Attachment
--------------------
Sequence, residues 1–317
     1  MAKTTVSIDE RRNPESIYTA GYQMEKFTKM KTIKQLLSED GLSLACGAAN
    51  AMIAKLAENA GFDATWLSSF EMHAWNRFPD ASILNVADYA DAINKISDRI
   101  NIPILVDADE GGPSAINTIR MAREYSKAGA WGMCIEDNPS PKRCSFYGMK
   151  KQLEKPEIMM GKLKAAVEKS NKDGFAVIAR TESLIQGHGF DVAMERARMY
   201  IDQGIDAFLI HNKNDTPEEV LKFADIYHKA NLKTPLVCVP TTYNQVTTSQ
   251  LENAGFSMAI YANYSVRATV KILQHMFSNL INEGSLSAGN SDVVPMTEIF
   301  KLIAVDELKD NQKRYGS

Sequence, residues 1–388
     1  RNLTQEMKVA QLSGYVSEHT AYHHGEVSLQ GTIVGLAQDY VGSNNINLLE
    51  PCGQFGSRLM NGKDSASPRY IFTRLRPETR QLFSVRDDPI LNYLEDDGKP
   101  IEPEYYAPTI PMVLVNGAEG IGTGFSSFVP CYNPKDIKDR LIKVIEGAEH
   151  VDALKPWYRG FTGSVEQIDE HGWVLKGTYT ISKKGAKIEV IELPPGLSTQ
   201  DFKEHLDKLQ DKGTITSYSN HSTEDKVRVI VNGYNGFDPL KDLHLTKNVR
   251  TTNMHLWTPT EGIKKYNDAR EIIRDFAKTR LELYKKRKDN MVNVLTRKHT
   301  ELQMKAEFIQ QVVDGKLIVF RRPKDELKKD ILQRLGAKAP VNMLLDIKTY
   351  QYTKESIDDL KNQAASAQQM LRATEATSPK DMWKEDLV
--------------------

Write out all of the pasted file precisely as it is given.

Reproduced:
Sequence, residues 1–317
     1  MAKTTVSIDE RRNPESIYTA GYQMEKFTKM KTIKQLLSED GLSLACGAAN
    51  AMIAKLAENA GFDATWLSSF EMHAWNRFPD ASILNVADYA DAINKISDRI
   101  NIPILVDADE GGPSAINTIR MAREYSKAGA WGMCIEDNPS PKRCSFYGMK
   151  KQLEKPEIMM GKLKAAVEKS NKDGFAVIAR TESLIQGHGF DVAMERARMY
   201  IDQGIDAFLI HNKNDTPEEV LKFADIYHKA NLKTPLVCVP TTYNQVTTSQ
   251  LENAGFSMAI YANYSVRATV KILQHMFSNL INEGSLSAGN SDVVPMTEIF
   301  KLIAVDELKD NQKRYGS

Sequence, residues 1–388
     1  RNLTQEMKVA QLSGYVSEHT AYHHGEVSLQ GTIVGLAQDY VGSNNINLLE
    51  PCGQFGSRLM NGKDSASPRY IFTRLRPETR QLFSVRDDPI LNYLEDDGKP
   101  IEPEYYAPTI PMVLVNGAEG IGTGFSSFVP CYNPKDIKDR LIKVIEGAEH
   151  VDALKPWYRG FTGSVEQIDE HGWVLKGTYT ISKKGAKIEV IELPPGLSTQ
   201  DFKEHLDKLQ DKGTITSYSN HSTEDKVRVI VNGYNGFDPL KDLHLTKNVR
   251  TTNMHLWTPT EGIKKYNDAR EIIRDFAKTR LELYKKRKDN MVNVLTRKHT
   301  ELQMKAEFIQ QVVDGKLIVF RRPKDELKKD ILQRLGAKAP VNMLLDIKTY
   351  QYTKESIDDL KNQAASAQQM LRATEATSPK DMWKEDLV